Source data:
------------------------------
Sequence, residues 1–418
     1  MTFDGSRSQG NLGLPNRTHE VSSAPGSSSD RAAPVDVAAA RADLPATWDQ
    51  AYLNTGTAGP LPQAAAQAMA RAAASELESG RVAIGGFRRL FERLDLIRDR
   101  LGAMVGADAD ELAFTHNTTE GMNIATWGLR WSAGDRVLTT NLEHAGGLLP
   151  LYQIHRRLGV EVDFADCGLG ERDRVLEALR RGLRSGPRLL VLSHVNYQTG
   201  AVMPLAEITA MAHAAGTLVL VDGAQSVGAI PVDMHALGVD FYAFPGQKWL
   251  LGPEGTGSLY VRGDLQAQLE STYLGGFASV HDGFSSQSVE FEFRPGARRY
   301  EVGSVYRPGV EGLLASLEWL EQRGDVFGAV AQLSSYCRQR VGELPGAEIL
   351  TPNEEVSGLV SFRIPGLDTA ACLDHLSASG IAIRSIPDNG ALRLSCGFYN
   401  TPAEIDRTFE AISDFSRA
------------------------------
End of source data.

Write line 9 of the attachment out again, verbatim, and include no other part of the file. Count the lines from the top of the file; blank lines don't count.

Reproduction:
   351  TPNEEVSGLV SFRIPGLDTA ACLDHLSASG IAIRSIPDNG ALRLSCGFYN